“I Am Oz” Campaign, Ozfest receives awards from SUNY related to diversity

(Elijah Vary | The Oswegonian)
(Elijah Vary | The Oswegonian)

Over the past year Oswego State has made an effort to spread awareness of multiple cultures and backgrounds on campus.

Last week, “I Am Oz” and Ozfest received recognition from SUNY for outstanding programming.

According to SUNY, awards are given to “outstanding student affairs programs that have demonstrated a positive impact on students and their development.” The “I Am Oz” campaign won the 2015-2016 Exploration In Diversity and Academic Excellence Award as well as SUNY Council award in the international, multicultural, gender, LGBTQ, spirituality, disability and related programs category. OzFest won honorable mention.

The “I Am Oz” campaign shines light on orientation, the “I Am Oz” speaker series, “I Am Oz” poster campaign, federal heritage month’s programming and the “Shine the Light on Oz” all incorporate different aspects of dispersing diversity among students, professors and organizations.

The “I Am Oz” program emerged Sept. 2014 in hopes of engaging the campus community in substantial and respectful conversations in regard to race, gender, sexual orientation, religion and ethnicity.
Daniel Roberts, coordinator of new student orientation and acting chairperson of the Diversity and Inclusion Committee, explained the purpose of the campaign.

“The ‘I Am Oz’ Campaign was a yearlong series of programs, conversations and photographic displays designed to help recognize and celebrate the richness of the SUNY Oswego community,” Roberts said. “It was a way for all members of our campus community to recognize, celebrate and appreciate the various cultures, values and ideals that now make SUNY Oswego a vibrant community.”

Justin Brantley, a 2015 alumnus, was one of the founders of the Diversity and Inclusion Committee. He explained how a black face incident that followed Black History Month sparked the creation of the committee. With the supervision and support of Dr. Jerald Woolfolk as interim diversity and inclusion officer, “I Am Oz” began to flourish.

Roberts and Brantley both believe the school has demonstrated the need for the program and as executed well-organized campaigns and programs to receive such honor. The school has clearly demonstrated that the “I Am Oz” program is having a positive effect on the community as a whole.

“I think the award is very telling in the change of culture here on SUNY Oswego’s campus, and I mean that sincerely,” Brantley said. “That award is a culmination of all of those events being created and seen to fruition within a calendar year. As it relates to the SUNY system, we were able to set a standard here for the year, and we had no problem talking about. I believe it was an amazing first step.”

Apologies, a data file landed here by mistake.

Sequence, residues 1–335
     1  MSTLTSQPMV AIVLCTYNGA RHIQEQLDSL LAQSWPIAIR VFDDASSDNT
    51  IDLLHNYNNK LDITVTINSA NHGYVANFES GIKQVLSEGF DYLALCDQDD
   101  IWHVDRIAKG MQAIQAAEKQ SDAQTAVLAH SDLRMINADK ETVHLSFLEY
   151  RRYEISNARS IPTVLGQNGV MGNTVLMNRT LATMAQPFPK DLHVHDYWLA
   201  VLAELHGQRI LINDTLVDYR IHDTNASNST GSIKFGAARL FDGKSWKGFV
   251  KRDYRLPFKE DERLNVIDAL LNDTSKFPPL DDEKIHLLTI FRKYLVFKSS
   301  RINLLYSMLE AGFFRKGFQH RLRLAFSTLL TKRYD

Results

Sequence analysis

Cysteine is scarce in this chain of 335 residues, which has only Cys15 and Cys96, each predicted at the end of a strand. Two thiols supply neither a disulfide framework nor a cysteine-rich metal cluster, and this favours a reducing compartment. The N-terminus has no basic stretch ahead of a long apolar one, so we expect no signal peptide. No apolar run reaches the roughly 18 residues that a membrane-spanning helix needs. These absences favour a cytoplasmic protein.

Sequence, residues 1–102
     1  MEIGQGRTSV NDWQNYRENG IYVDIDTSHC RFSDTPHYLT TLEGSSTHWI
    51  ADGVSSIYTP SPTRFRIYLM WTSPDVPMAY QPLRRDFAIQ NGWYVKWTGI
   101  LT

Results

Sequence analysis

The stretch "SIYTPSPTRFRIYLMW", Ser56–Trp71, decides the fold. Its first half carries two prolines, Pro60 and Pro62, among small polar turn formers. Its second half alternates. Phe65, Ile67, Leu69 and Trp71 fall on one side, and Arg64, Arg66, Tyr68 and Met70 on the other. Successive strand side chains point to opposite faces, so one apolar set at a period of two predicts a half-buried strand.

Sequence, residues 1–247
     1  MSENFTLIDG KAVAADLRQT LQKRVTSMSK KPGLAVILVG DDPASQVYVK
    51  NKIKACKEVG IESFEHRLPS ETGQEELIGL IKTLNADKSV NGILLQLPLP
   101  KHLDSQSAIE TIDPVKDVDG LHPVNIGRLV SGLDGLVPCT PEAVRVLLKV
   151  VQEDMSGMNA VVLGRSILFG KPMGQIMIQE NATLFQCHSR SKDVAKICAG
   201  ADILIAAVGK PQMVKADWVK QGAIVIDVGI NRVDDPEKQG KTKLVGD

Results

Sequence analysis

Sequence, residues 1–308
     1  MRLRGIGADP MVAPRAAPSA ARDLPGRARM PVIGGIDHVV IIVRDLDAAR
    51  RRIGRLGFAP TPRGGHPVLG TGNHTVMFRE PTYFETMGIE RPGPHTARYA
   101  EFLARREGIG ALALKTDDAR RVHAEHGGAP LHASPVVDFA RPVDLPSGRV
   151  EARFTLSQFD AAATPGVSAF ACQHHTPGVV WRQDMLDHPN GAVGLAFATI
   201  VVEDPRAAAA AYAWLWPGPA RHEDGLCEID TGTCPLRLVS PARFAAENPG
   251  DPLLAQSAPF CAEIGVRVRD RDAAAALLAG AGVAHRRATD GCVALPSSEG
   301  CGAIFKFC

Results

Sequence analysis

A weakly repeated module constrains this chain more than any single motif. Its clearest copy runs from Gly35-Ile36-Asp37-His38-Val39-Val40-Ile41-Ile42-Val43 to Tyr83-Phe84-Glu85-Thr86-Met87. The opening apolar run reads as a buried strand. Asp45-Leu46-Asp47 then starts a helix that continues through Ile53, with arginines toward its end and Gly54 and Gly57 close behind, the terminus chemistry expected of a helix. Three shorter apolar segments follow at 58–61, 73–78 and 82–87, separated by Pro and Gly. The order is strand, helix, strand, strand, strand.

SUNY also awarded Ozfest with an honorable mention. Last May, Oswego State provided an alternative to Bridge Street Run, a bar crawl, for students to enjoy their last day of classes.

The event was free and included games, food and music leading up to the annual spring concert, declaring it a new tradition known as OzFest. The concert featured TimeFlies, B.O.B and Mac Miller and headliner Big Sean for students who paid for a ticket to attend.

Oswego State plans to continue these projects. Upcoming speakers for “I Am Oz” speaker series include Robin W. Kimmerer, a notable teaching professor at SUNY College of Environmental Science and Forestry, who will present “Finding Common Ground Between Indigenous and Scientific Ecological Knowledge.” This event will take place Nov. 16 at 7 p.m. in the Marano Campus Center auditorium. On Dec. 2 Alrene Kanter. A law professor at Syracuse University, will present “Who’s In, Who’s Out and Who Decides: The Rights of People with Disabilities” in the Marano Campus Center.

Brantley believes last year’s campaign acts as a model to better this year’s experience and Roberts declared “I Am OZ” a program that is here to stay.

“I think the ‘I Am Oz’ series is in a wonderful place. There are a lot of great people, students, faculty, staff and administrators that are putting their energy and effort into making Oswego a more inclusive community,” Roberts said. “With that kind of collaborative support and passion at our backs I think that means the series will continue to grow, evolve and have an impact on campus for years to come.”

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